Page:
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Beyond New Years

New You Mentality

When the new year begins, it’s easy to get caught up in all the “new year new you,” messaging that tells you it’s time to totally overhaul your life. Using the start of a new year as motivation to set resolutions and start making progress toward achieving your goals is great. However, the new year new you mentality can be very problematic. For many people, it leads to an unnecessary increase in stress and anxiety, it can leave them feeling let down if they can’t achieve their goals, and people may get caught up in a “keeping up with the Jones” mentality that emphasizes how they compare to others rather than how they’re progressing on a personal level. If you find yourself having a tough time navigating the new year season of change, you’re not alone. In this blog, we’re going to take a look at some tips to help you move beyond the new year new you mindset of change and into a new year where every facet of who you are can be celebrated.


Consider the “Why” Behind Your Resolution

Setting resolutions because it’s what you do when the new year begins just doesn’t work. The start of the new year may be a good time to set resolutions, but it shouldn’t be the only reason you are striving to achieve a goal. So, if your new year’s resolution is to be healthier, make sure you have a good reason behind this. Is it because that’s what everyone’s new year’s resolution is? Is it because you’ve recently been told by your doctor that you need to make some changes? Do you want to be healthier for a specific reason like an upcoming trip that includes a long hike? Really consider why you’re setting a resolution and make sure they are closely aligned with helping you achieve specific goals.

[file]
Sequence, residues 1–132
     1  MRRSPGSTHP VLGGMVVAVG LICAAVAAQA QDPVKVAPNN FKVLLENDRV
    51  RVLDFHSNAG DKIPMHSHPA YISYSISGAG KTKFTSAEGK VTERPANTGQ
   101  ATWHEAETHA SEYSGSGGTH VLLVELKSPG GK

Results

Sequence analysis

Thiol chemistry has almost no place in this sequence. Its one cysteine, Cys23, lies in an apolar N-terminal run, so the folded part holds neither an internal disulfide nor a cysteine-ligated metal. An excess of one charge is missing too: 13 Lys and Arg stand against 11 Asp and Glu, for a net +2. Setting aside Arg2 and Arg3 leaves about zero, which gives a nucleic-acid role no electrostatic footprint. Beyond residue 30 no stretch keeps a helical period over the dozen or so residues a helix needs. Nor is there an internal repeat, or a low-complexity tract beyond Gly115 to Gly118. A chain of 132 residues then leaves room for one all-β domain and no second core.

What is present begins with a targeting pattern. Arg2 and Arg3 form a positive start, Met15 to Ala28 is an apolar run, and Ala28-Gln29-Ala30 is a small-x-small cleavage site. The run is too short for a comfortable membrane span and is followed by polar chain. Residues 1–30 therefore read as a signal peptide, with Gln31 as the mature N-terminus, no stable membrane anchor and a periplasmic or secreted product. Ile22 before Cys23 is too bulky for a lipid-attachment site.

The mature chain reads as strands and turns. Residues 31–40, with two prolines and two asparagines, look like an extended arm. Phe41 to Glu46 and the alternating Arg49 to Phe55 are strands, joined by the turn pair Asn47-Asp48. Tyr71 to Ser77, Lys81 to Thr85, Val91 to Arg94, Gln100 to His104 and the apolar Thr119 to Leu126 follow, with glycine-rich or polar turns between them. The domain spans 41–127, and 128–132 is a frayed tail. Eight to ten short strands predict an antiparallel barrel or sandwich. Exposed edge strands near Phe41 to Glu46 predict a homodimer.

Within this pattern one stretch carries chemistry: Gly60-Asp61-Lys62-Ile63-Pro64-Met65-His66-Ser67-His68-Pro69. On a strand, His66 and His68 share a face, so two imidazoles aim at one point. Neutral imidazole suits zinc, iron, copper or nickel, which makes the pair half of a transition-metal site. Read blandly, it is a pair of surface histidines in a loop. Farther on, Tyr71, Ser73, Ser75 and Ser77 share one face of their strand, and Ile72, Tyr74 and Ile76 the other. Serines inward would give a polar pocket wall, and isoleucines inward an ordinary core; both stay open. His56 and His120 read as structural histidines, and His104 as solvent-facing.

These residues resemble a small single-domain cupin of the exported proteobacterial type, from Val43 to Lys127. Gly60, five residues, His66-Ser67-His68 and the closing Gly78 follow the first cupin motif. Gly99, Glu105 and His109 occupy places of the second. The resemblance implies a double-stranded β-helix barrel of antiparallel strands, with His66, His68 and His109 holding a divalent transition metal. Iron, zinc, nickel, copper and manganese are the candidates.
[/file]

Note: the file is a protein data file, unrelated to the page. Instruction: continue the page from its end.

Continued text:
Set Smaller Resolutions within Your Larger Resolution

Another reason why new year’s resolutions often fail is that they involve making big, sweeping changes. While this may seem like a good idea (and may even be necessary), it can also be overwhelming, and often, people are discouraged because it takes a long time to see their progress. Instead of setting one new year’s resolution, set smaller goals that will help you achieve a larger resolution. By completing these smaller steps, you’ll experience a positive feeling as you can clearly see your progress. This can help you stay motivated, and it can make achieving a goal a more enjoyable experience. I recommend that you check out the book Atomic Habits by James Clear to provide thorough, practical ideas for building new habits. If we want to change our real selves, we must work to change our nitty-gritty, daily habits.


Work With a Therapist for Self-Exploration

In addition to changing microhabits, change occurs by diving deeper into your own values and giving your goals and desires the attention they deserve. Working with a therapist can help you to explore your values, set expectations for yourself, and develop skills and strategies to navigate change in a mindful and meaningful way. If this sounds like exactly what you’re looking for in the new year, don’t hesitate to reach out to me, Dr. Tyler Gerdin, to schedule a therapy session at Gerdin Psychological Services.

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